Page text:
Solo Aircraft Engines produces Certificated, water-cooled 2-strokes. They're twin-cylinder, with belt-reduction.
Approx specs: 600cc, 60hp continuous, 6000rpm, 60lbs.
That's about 10cc/hp.....which is a pretty good "rule-of-thumb".
ArcticCat 800cc twin-cylinder water-cooled 2-stroke motor in Mosquito heli is good for about 80hp continuous.... = 10cc/hp.
So around 10cc/hp is OK for water-cooled 2-strokes in aircraft applications.
Of course spinning them faster increases fuel-burn and thus increases "energy-out", but at the cost of reliability and longevity.
ArcticCat produces a smooth 400cc single-cylinder 2-stroke with balance-shaft etc, which at 10cc/hp is good for 40hp continuous.
 

Pops

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I think he's referring to air starters, and running out of high pressure air. With the high thrust line of the blue Moth, it would indeed be a full bother trying to start it.
Exactly.
Very hard to hand prop. With the high pressure low volume air storage tank it just takes a very small leak to deplete the air for a start. Engine has a small air pump to keep the air tank pressure up when running.
Neighbors 1947 Stampe SV.4C with the Renault 140 HP engine. I have had to hand prop it due to an air leak.
 

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erkki67

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Vigilant1

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The need to get their story straight. The spec table says "up to 17 kW (23 HP) at 6500 rpm", but the graph shows a max ("100% TPS") of about 14.6 kw (19.5 HP) at 6500 rpm.
 

cluttonfred

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For the record, my interest in inline engines has absolutely nothing to do with mechanical superiority, just that so many of the great old planes I like had inverted, air-cooled, inline engines and it's pretty much impossible to replicate that look with anything else. Here are a few, I can come up with many, many more. :)

pt-19.jpgzaunkoenig.jpgf-380.jpgsi 202 hungary.jpgswift & comet.jpegmew gull.jpgC-684 Rafale.jpgike.jpg
 

Yellowhammer

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Like many, I’m not (psychologically) a Rotax fan; but they’ve stuck with the aviation hobbyist for decades now -- arguably refining the product and moving along as the application moves; usually to heavier, more-complex aircraft. The notion of the better motorcycle engines is appealing to me and power like the R-1 (I liked the Z11 series – Kawasaki) seem attractive, but unless you own a small machine shop and a modicum of skills to match, it isn’t something most of us can safely tackle from an airworthiness standpoint – it is one thing to chuckle through a power-out at 103 speeds, yet another to white-knuckle at LSA speeds and can be a whole lot more breathtaking when the stall speeds approach 60mph or so… and as Jab and UL (etc.) have shown, it is difficult to knock the Rotax cowboy off the saddle… I think about the only engine that has come close is the VW-Beetle in years gone by… but that was from an era when at least one shade-tree wrench in five actually has VW experience – not the case any longer, so while skilled folks may get an R-1, or such, nicely assembled, I don’t see enough interest/abilities/skills/passion to reach critical mass…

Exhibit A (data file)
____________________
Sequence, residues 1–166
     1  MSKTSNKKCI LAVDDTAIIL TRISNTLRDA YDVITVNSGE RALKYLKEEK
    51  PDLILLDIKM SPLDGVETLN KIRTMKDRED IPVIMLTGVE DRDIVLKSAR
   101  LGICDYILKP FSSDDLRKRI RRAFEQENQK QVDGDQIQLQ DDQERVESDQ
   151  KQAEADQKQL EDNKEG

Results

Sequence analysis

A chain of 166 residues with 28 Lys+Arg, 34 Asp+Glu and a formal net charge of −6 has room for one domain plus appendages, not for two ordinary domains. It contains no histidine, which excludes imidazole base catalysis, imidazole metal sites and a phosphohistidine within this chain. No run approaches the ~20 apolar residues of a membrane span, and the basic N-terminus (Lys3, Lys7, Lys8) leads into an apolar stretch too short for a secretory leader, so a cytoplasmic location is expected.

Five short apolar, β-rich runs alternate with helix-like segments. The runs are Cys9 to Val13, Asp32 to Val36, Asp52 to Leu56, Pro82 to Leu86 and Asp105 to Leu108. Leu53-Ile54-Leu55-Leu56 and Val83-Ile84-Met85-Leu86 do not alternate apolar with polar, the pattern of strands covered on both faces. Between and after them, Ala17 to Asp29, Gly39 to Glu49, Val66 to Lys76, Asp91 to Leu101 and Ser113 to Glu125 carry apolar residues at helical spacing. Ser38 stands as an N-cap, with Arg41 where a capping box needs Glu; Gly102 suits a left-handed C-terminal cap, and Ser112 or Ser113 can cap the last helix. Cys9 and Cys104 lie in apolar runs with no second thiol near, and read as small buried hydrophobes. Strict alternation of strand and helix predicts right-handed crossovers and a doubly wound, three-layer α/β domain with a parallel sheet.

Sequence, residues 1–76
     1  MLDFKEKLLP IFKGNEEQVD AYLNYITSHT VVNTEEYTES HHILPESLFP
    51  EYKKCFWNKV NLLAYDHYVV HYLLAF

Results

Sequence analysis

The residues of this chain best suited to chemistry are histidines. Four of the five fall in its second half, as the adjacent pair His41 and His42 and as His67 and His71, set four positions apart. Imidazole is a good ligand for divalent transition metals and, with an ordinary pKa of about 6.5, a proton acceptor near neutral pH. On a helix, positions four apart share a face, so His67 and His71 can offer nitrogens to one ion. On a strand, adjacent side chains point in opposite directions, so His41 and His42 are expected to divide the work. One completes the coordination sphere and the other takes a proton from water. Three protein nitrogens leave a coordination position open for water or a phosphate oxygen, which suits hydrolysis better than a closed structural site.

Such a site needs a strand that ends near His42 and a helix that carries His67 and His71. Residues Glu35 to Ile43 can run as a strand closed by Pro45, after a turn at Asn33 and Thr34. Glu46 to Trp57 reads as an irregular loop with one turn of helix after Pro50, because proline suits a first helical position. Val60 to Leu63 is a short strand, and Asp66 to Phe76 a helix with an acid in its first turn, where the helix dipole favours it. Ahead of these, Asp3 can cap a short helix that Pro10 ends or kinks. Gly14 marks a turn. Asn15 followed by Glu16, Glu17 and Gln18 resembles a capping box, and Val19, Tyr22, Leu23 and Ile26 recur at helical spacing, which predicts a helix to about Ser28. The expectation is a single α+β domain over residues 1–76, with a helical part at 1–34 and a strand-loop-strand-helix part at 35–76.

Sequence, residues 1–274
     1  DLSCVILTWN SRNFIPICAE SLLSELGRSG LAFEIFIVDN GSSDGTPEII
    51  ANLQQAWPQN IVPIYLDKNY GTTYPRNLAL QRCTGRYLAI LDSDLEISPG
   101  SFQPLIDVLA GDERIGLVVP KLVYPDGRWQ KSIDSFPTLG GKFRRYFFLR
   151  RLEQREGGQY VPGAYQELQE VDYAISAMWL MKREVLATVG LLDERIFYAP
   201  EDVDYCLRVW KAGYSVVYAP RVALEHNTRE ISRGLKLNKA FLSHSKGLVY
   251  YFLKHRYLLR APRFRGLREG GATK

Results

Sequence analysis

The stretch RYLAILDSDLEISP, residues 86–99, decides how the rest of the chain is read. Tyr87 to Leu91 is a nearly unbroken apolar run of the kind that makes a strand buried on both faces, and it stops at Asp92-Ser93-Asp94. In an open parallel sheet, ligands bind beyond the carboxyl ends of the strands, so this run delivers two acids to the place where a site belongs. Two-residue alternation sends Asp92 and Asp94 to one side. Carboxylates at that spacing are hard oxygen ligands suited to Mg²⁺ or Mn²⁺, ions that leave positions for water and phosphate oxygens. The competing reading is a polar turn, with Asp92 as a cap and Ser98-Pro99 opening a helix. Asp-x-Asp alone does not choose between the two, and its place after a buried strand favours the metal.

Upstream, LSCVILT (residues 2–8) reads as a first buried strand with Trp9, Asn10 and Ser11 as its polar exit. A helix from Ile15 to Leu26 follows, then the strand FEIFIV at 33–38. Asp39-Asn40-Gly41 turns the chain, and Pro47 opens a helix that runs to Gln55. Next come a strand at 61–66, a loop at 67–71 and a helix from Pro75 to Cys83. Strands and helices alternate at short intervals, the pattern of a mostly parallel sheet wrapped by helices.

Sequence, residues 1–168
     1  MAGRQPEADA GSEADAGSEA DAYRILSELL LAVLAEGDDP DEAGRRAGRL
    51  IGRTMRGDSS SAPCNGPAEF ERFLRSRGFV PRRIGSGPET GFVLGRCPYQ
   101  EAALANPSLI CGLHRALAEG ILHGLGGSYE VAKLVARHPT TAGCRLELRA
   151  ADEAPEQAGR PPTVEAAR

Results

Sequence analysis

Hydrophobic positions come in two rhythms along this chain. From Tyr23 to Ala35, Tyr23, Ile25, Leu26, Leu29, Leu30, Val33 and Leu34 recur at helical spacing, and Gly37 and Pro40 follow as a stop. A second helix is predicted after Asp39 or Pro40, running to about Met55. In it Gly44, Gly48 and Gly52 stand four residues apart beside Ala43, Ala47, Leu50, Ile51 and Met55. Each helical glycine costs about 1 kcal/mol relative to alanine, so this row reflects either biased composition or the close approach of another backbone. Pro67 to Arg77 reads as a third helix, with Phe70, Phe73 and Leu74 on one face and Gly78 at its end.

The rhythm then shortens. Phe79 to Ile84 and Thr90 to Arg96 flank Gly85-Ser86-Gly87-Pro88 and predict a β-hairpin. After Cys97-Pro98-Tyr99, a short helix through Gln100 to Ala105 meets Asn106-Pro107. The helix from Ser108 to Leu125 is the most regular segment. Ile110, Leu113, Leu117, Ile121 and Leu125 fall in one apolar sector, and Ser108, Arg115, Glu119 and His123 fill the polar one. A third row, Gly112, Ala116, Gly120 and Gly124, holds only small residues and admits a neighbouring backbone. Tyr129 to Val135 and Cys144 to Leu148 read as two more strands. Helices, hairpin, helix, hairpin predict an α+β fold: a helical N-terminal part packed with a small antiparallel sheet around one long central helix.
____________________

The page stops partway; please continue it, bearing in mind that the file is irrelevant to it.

Poetry!
 

Yellowhammer

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For the record, my interest in inline engines has absolutely nothing to do with mechanical superiority, just that so many of the great old planes I like had inverted, air-cooled, inline engines and it's pretty much impossible to replicate that look with anything else. Here are a few, I can come up with many, many more. :)

View attachment 97428View attachment 97423View attachment 97427View attachment 97424View attachment 97426View attachment 97425View attachment 97429View attachment 97430
I too like the inline engine. I wish I could find an inline 2 or 3 cylinder four stroke about the same weight as the Rotax 582.
 

Yellowhammer

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The 582UL Engine is $5000 today plus you need the Cooling. I have never seen a 582UL used in Direct Drive though. Those Airframe manufactures have the Rotax 582, 192/914, Hirth's, Simonini's, MKZ, etc., to pick from. They also have some of the 4 Strokes to pick from today.

What four strokes are out there with the same weight as the 582? Or does such an animal exist?
Thanks for you're help!